Winter served as governor from 1980 to 1984 and is best known for pushing through the 1982 Education Reform Act, which overhauled the state’s public education system.
“[Winter] fought to bring equity to education through the Education Reform Act of 1982, which set high standards for students, teachers and schools and established free public kindergarten for all children.
“His work will live on in the generations of Mississippians whose lives were changed by the opportunities their education provided them,” she said.
Threatened by the Klan
After serving in the US Army during World War II, Winter was elected to the Mississippi Legislature in 1947 while still a student at the Ole Miss Law School, the family statement said.
Winter’s family said he opposed the Klu Klux Klan and White Citizens Councils and their stance on strict racial segregation in the 1950s and 1960s, with the KKK threatening his life when he unsuccessfully ran for governor the first time in 1967.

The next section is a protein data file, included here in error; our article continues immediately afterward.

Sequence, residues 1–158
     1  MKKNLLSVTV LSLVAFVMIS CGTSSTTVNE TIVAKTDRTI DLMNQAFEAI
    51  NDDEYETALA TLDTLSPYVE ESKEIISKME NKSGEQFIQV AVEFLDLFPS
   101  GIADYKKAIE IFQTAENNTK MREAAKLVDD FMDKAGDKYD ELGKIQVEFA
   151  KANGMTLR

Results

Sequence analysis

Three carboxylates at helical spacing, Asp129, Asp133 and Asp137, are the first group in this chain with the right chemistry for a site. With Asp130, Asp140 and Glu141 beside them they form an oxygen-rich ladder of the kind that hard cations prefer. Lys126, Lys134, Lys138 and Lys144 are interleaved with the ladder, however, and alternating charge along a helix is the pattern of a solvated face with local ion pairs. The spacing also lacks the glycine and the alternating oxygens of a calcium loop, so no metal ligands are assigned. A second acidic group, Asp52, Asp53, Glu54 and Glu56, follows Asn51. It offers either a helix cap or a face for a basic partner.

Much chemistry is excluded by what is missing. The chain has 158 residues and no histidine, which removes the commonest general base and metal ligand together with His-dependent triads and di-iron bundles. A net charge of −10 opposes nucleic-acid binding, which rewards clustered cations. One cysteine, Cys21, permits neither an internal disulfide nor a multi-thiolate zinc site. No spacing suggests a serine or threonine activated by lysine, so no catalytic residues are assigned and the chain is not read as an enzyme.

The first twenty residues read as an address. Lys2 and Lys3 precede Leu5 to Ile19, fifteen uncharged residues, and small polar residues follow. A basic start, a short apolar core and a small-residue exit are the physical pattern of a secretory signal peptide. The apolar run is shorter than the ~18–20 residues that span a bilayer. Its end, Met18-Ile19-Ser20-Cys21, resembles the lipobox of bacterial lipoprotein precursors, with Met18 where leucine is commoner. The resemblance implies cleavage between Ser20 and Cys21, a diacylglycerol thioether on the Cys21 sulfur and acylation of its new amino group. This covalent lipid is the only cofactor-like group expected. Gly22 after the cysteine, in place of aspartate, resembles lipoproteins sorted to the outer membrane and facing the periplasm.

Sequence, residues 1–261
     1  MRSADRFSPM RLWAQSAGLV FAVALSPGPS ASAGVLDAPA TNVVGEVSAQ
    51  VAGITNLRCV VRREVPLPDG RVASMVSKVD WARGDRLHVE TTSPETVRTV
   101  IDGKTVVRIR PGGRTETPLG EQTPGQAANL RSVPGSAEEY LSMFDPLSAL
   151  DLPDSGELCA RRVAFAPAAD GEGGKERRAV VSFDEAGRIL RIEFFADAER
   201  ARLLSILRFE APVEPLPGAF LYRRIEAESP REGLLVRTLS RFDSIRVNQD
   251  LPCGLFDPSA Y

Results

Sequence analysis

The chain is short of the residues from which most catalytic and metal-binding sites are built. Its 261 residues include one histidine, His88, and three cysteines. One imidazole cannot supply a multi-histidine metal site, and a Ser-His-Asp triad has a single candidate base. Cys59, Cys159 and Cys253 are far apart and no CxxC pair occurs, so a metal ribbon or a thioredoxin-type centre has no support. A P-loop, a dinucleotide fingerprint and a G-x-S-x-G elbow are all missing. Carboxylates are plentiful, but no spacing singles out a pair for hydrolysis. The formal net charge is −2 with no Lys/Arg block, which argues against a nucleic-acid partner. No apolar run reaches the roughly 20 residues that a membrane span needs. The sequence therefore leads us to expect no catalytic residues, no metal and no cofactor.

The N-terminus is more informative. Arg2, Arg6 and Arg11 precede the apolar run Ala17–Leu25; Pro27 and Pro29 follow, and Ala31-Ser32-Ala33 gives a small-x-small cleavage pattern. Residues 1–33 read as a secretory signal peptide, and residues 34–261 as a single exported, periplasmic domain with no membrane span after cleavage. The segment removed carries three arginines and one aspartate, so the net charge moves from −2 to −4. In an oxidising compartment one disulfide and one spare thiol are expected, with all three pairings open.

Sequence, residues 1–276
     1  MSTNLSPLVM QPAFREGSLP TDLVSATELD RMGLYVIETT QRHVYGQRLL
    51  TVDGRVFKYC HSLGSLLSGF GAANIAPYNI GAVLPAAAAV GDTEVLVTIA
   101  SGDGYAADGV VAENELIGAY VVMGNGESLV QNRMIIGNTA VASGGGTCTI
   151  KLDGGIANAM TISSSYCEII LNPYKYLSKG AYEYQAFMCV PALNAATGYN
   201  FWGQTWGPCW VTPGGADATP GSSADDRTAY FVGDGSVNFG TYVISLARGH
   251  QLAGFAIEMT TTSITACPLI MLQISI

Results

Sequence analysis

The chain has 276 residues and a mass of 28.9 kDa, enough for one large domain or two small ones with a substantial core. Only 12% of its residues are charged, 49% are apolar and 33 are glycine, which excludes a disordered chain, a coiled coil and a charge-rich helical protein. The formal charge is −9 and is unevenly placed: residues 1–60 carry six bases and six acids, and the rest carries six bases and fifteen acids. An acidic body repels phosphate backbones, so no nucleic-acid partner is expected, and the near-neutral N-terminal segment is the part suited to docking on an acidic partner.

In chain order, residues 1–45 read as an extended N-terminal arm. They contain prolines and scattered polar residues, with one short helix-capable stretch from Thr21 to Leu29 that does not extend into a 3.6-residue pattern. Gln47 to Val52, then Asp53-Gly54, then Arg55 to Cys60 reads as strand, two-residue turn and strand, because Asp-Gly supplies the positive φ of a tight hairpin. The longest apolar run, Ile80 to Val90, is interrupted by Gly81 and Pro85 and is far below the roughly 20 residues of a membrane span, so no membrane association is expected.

Current Mississippi Gov. Tate Reeves tweeted that he and his wife were deeply saddened by Winter’s death.
Winter is survived by his wife of 70 years, Elise Varner Winter; three daughters Anne Winter, Lele Gillespie and Eleanor Winter and five grandchildren, said the statement.
“A memorial service will be held once the dangers from Covid-19 abate and it is safe to gather for a service,” it said.
Winter’s cause of death has not yet been disclosed.